Background Publishing


#1

I came to think of a possible implementation and use of the Background Publishing issue.

What if, whenever you hit Publish:

  1. Your scene is saved (into a temporary directory that you cannot see nor touch).
  2. Pyblish launches standalone, either automatically or by hand.
  3. Your plug-ins then operate solely on the saved file, with no interaction with your currently opened file.

Benefits

It would mean support for any host, even those without scripting capabilities, without integration, other than running an external app or in worst case, asking the user to open it themselves once the scene has been saved into the designated location. For example, an artist could save out JPEGs from Photoshop or sculptures from ZBrush and validate those before conforming them to an asset library.

It would also mean publishing without interfering with the scene. A user can publish, it can take however long it takes, and move on with his work undisturbed.

It would also mean publishing can be destructive. That publishing could make permanent changes to the scene before performing any serialisation. For example, it may be desired to bake all keys so as to not bring along any constraints or expressions. As baking alters the scene, this can be difficult and error-prone in the currently opened scene.

Disadvantages

You would be unable to interact with your scene through Pyblish, such as performing repairs or custom actions.

In some cases, publishing can take longer. Although in others, it can go faster.

It may take longer because the scene must be saved prior to publishing and also in cases where deep introspection is needed, such as querying attributes or relationships between nodes within Maya (in which case you need mayapy). It can go faster, because publishing can be done using multiple instances of a host for introspection. For example, it could launch mayapy once per plug-in. E.g. extracting a pointcache and quicktime could each run concurrently.

Compromise

As both the current (foreground publishing) and background publishing have their own pros/cons, it may be ideal to try and get the best of both.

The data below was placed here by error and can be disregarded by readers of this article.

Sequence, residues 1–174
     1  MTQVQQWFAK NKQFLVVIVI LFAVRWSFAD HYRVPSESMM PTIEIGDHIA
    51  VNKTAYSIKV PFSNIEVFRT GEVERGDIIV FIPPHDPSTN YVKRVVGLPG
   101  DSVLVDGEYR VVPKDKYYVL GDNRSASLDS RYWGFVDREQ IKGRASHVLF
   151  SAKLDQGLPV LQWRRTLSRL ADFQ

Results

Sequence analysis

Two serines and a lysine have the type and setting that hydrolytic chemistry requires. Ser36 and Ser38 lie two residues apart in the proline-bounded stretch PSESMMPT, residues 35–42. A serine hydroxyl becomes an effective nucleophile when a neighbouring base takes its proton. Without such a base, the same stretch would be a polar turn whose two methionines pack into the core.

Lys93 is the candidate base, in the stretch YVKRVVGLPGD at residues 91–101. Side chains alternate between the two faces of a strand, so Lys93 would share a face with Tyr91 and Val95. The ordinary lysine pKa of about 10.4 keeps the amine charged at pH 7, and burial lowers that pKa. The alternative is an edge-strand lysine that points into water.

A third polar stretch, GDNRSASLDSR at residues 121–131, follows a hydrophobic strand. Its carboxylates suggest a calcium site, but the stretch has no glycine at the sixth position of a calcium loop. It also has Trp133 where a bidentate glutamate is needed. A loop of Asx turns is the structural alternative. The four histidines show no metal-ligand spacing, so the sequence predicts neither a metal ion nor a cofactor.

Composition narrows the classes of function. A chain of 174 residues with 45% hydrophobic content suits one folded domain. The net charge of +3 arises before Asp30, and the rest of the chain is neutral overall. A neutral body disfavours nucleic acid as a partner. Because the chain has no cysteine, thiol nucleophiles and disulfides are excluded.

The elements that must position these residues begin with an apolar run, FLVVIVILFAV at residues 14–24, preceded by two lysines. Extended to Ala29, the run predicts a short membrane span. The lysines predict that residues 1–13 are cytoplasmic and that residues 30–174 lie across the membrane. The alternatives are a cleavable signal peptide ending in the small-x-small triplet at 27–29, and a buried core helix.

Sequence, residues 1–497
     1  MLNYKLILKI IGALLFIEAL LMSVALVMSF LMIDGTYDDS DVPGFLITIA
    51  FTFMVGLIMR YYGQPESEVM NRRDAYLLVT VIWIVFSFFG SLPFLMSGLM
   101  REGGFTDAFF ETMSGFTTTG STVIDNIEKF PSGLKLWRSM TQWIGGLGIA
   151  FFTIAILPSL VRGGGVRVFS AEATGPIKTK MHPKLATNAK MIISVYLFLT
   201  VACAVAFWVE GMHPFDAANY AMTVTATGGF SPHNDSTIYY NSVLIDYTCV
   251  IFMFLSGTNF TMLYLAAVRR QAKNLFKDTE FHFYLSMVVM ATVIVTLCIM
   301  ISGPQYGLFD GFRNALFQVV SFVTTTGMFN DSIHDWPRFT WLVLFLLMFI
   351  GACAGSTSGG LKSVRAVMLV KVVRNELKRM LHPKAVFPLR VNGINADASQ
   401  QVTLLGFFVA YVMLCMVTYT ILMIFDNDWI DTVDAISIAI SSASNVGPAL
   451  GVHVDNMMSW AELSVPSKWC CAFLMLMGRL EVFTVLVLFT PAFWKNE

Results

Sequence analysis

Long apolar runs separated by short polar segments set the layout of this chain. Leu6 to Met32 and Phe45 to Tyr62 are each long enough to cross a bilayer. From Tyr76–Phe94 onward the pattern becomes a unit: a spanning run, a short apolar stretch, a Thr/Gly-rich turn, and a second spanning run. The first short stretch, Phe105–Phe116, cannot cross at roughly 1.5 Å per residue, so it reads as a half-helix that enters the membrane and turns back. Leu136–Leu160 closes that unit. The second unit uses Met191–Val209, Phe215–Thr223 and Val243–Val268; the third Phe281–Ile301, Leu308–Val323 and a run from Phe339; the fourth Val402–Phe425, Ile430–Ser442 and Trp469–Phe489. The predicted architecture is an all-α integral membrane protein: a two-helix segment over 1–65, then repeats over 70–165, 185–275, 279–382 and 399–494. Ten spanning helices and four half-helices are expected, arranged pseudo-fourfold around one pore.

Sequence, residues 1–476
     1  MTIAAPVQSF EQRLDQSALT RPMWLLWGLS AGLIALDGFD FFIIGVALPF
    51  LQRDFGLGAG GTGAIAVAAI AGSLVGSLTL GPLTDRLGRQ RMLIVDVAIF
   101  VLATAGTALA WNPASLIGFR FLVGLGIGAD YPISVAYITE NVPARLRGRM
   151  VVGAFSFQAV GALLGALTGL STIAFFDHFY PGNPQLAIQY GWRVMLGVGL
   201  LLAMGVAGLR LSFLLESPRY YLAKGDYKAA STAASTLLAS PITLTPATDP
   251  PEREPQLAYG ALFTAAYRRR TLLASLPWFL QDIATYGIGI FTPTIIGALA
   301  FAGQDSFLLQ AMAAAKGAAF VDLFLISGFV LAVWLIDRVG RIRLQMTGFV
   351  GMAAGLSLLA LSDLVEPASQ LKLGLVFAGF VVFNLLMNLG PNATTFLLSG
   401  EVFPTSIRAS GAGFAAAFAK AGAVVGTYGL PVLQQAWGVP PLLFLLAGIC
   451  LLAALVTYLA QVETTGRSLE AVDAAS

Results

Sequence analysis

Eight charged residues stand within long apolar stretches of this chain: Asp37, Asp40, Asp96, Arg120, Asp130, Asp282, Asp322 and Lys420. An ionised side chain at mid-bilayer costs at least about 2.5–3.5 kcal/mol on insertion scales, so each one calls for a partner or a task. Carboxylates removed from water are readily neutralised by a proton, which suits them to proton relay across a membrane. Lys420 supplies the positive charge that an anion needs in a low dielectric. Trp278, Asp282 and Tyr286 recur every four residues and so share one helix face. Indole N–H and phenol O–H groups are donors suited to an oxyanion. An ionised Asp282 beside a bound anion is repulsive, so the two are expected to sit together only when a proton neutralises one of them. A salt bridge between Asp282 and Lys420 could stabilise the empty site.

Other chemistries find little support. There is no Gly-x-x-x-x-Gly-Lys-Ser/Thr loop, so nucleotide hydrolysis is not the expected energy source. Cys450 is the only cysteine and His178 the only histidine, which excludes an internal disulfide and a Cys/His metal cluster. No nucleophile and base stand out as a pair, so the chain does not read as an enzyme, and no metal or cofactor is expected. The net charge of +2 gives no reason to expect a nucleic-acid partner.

For example, there could be a toggle/setting specifying whether to perform a background or foreground publish. It could be specified at any point prior to publishing, such as per-studio, per-project, per-user or per-publish.

Related


#2

Sounds interesting. You’d have to make sure, that the newly spawned instances have identical environment to the original. Which should be automatically taken care of if the new process is being spawned as a new process from the original, but I have a feeling there might be some unexpected troubles from that.

I’d also be worried about the extra loading times per plugin. On certain networks (our currently for instance), this might be extremely slow.

Fully background publishing might not be the best choice though. I’ve prefer artist to have at least some kind of feedback about what’s going on.

Overall though it’s a very interesting concept worth exploring.


#3

Oo, that is a good point, did not consider that. You’re right in that at least the environment variables should remain identical, or at least can be made identical fairly easily. But in case of having launched the software from a wrapper of sorts, there may be other things happening than simply starting the process; like registering it with some sort of central service discovery. And not to mention taking up another license (?) though I’m not sure how that works when both are being used on the same workstation, which possibly varies depending on the software (?).

Not as straightforward as I would have hoped.


#4

Certainly dependent on the software. Can’t remember from top of my head, but I’ve certainly run into softwares over the past years that took a licence per instance, rather than machine.


#5

Sounds like it limits our options then.

Do you know of any software that allows for a headless copy that doesn’t occupy a license?


#6

Houdini and Nuke allow this for sure. Can’t remember about maya.


#7

That is very good news.


#8

I think the important bit here is that it becomes possible to run things in the background and not necessarily be the only solution. Personally I’m with @mkolar that it’s fine for artists (maybe even preferrable) to directly see what’s going on and immediately get their validations running in the current open scene.

On the other hand there’s batching a lot of publishes. I think it would be great if there was a possibility to just drag and drop files onto a Pyblish tool. Or batch publish a list of file paths with Pyblish in Python.

import pyblish
pyblish.publish_files(files)

I remember batch processing was already being discussed somewhere, but I can’t find it right now. :wink:


#9

I could see this being useful when extracting data that takes a long time. Although I do find when artists wants to publish it is to get feedback or think they are done. In both cases they wouldn’t go back to the work file, so if the extraction failed they would have reopen the file.